Effects of alien plant management, fire and soil chemistry on selected soil microbial populations in the Table Mountain National Park, South Africa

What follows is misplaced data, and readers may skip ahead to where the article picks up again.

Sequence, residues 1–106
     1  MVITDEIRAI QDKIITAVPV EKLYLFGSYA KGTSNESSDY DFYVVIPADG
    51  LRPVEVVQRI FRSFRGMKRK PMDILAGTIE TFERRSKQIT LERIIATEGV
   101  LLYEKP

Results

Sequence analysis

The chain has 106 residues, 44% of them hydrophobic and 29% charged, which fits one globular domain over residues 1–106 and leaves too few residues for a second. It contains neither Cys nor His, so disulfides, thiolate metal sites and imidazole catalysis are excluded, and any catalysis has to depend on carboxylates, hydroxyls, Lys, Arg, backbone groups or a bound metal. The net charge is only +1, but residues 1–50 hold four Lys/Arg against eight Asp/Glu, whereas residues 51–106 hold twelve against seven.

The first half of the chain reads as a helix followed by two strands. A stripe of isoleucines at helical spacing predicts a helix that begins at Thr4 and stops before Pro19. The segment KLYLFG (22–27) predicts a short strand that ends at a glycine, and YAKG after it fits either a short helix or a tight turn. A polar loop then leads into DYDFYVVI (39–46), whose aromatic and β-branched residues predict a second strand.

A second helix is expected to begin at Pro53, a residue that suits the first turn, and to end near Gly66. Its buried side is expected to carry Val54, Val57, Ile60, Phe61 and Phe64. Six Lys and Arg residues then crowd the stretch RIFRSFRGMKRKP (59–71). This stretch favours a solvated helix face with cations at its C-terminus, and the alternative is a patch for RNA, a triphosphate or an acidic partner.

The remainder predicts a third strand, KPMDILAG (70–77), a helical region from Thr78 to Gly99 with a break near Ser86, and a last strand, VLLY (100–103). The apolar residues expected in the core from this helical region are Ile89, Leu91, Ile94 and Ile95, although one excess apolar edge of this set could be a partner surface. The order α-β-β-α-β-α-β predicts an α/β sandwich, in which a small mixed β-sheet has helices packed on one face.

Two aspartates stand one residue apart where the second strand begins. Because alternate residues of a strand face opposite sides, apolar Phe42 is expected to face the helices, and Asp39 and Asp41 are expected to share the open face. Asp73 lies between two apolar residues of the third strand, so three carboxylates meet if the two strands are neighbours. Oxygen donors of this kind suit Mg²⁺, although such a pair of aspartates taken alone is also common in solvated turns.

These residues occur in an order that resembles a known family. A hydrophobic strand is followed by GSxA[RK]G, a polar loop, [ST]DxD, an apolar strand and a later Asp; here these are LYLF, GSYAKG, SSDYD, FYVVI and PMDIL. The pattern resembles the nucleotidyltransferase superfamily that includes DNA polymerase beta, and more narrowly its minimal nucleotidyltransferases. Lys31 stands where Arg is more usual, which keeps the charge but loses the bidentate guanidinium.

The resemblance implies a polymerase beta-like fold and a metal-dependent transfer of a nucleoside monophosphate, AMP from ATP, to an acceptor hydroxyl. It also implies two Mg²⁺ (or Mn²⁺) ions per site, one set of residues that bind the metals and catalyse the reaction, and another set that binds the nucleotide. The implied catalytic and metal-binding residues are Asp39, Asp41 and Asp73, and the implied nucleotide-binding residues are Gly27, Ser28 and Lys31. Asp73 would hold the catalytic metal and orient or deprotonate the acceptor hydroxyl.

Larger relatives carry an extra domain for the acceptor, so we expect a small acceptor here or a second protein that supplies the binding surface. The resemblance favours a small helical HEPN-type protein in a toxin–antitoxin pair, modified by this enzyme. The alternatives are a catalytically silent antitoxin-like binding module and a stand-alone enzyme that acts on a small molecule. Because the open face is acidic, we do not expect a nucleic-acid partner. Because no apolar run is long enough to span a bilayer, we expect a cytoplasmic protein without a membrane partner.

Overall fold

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This pilot study examined changes in soil chemistry and microbial population sizes following the extensive wildfires in 2000 on the Cape Peninsula. The effects of standing alien plants and stacks of mechanically-cleared alien plant material on selected post-fire microbial populations and their recovery were investigated. These were compared to burnt fynbos and the burnt cleared areas surrounding wildfire burnt stacks. Microbial population sizes and chemical changes were also monitored in unburnt fynbos and dense unburnt stands of invasive alien plants. Differences in soil chemistry and microbial population sizes occurred in the samples taken from the various post-fire environments while marked seasonal changes were also apparent. Microbial population sizes were linked to pre-fire vegetation characteristics, fire intensity, the management of alien plants, soil chemical changes and seasonal influences. High volumes of woody alien plant biomass impacted on post wildfire microbial population sizes during summer. During winter, however, microbial population sizes were primarily influenced by soil texture and nutrient composition. Copyright © NISC Pty Ltd.